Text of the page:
Our time in South Korea is quickly coming to an end. The closer we get to our departure date the more excited we get to finally start our journey. A journey we have been planning and saving for, over the last two years. To be honest, we are feeling a rush of emotions and they come in waves; one moment we are nervous and sad to be leaving Korea, the next second we can’t wait to get on the plane and start our exciting new chapter. Sometimes, we kind of have to hold onto each other to ground ourselves.
Enough about our silly emotions, let’s get on with the 5 attractions we are looking most forward to seeing in China. A place I never thought I would ever get to see as a kid growing up on a farm in South Africa.
I will work my way down the list in the order we will most likely be seeing them. Starting in Beijing and moving our way slowly down in a south westerly direction, visiting Xi’an, Chengdu, Guilin, Yangshuo and finally to Fuzhou or Xiamen to catch a ferry to Taiwan. Let’s begin.
1. The Great Wall
A freaking wonder of the world, an architectural feat of the ages, the longest man-made wall in the world, ever. That could change if Trump gets his way, then again the border between Mexico and America isn’t that long.
The Great Wall is a place I never thought I would see with my own eyes. In my mind, something that once only belonged in books and on the television. Now, it’s just a short flight, some confusing busses and a ‘detour’ away. It’s so EXCITING!! The Great Wall of China ranks up there with Atlantis, as far as I am concerned and I can’t wait to hike it and capture some amazing photos.
Our plan is a two-day hike from Gubeikou to Simatai West, stopping mid-way in Jinshanling for the night. As far as we can tell, this seems to be the quietest most unrestored part of the wall, with picturesque views and challenging climbs; sounds perfect to us.
We are planning on doing the hike DIY, which many people advise against because of the difficulty of getting to and from the wall as well as navigating around the militarized sections. However, we have found some very useful information and maps on the Great Wall Forum, check it out if you are going to hike the wall anywhere in China. The forum community is incredibly helpful.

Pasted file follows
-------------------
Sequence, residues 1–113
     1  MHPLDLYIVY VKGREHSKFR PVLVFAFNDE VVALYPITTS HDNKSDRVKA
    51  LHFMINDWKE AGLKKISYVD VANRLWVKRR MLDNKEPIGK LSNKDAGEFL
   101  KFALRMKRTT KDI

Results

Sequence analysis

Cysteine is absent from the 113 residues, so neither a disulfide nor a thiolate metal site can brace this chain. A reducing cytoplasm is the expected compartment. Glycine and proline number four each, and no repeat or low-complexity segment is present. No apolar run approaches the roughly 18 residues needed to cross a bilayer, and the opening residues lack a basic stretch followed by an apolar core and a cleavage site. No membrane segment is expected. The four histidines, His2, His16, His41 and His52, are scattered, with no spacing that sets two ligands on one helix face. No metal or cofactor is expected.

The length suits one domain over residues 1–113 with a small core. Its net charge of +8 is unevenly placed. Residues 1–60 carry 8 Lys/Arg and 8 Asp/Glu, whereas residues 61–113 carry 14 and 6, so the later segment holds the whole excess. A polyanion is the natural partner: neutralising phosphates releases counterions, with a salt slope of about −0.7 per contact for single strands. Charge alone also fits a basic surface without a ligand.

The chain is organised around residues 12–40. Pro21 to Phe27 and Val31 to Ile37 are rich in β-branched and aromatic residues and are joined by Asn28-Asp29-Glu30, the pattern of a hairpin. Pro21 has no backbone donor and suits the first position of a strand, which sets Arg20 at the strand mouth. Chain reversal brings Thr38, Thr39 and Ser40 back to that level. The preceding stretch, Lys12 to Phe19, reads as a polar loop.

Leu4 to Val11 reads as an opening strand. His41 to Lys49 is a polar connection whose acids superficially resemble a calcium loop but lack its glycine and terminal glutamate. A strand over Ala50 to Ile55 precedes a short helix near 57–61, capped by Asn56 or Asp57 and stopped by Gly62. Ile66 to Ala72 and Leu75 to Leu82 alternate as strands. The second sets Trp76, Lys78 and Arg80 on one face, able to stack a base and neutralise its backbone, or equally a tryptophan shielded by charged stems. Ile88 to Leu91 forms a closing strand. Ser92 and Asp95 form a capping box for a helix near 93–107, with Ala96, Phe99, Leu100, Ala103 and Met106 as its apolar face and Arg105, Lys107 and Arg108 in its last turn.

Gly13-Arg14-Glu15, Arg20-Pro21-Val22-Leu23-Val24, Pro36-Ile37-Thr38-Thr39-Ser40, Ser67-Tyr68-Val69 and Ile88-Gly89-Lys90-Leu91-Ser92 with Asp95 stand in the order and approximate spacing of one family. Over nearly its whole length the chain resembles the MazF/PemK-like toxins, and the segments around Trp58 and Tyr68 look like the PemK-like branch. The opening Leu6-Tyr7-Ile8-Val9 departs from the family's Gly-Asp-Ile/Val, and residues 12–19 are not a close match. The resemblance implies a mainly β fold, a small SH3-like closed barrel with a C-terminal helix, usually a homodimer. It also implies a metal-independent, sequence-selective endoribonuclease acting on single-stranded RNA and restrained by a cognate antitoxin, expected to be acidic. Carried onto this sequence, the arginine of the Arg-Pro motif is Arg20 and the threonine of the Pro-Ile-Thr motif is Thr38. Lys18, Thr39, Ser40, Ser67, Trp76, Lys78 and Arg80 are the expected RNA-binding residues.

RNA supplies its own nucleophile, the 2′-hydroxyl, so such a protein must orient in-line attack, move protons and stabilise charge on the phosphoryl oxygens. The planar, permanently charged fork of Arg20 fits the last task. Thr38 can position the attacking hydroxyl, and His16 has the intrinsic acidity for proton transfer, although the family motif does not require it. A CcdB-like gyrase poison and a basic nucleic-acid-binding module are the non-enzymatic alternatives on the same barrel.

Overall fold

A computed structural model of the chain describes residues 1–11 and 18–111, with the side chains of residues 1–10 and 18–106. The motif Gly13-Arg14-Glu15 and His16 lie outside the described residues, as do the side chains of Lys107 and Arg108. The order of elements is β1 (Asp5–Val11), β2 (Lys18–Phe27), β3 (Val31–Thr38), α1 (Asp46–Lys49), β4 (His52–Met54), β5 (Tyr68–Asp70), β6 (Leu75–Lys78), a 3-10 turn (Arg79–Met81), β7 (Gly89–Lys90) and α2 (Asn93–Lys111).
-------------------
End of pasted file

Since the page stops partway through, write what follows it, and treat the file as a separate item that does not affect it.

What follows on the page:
We are looking forward to sharing our experience on this adventure so that others can easily accomplish a two-day DIY hike of the wall. (watch this space)
2. Mt. Hua (Huashan)
This mountain, based approximately 120km east of Xi’an city in the Shaanxi province has claimed its name to fame as ‘the most dangerous mountain to hike up in the world’ – I doubt that. It does, however, look like a frightening climb. The boardwalk (nailed planks) attached to the side of a vertical cliff seems hair-raising, to say the least.
When Sophia and I first heard of Mt. Hua from a fellow traveler, we knew we had to do it. The views from the plank-walk and the top must be unbelievable. I imagine the feeling of walking along the edge of a cliff with only a plank to rest your feet on will, in a sense, feel like you’re walking on the edge of the world.
Our plan is to stop at Huashan train station in Weinan Shi on our way from Beijing to Xi’an and spend the night at a guest house at the base of the mountain. This way we can get an early start and hopefully make it to the top in time to enjoy the sunrise from the East Peak.
3. The Terracotta Soldiers
The Terracotta Soldiers will be an interesting feature for us to see in Xi’an. Even if they are around 2220 years old and were discovered by some farmers just digging a well. Their luck! I imagine the one guy sticking his head in the hole and popping out with a “WOAH!” The other guy getting excited and asking if they finally struck water. Only, with the other guy to reply “Nope, but we stumbled upon 6000 life-like ancient terracotta soldiers and what seems to be an underground city!”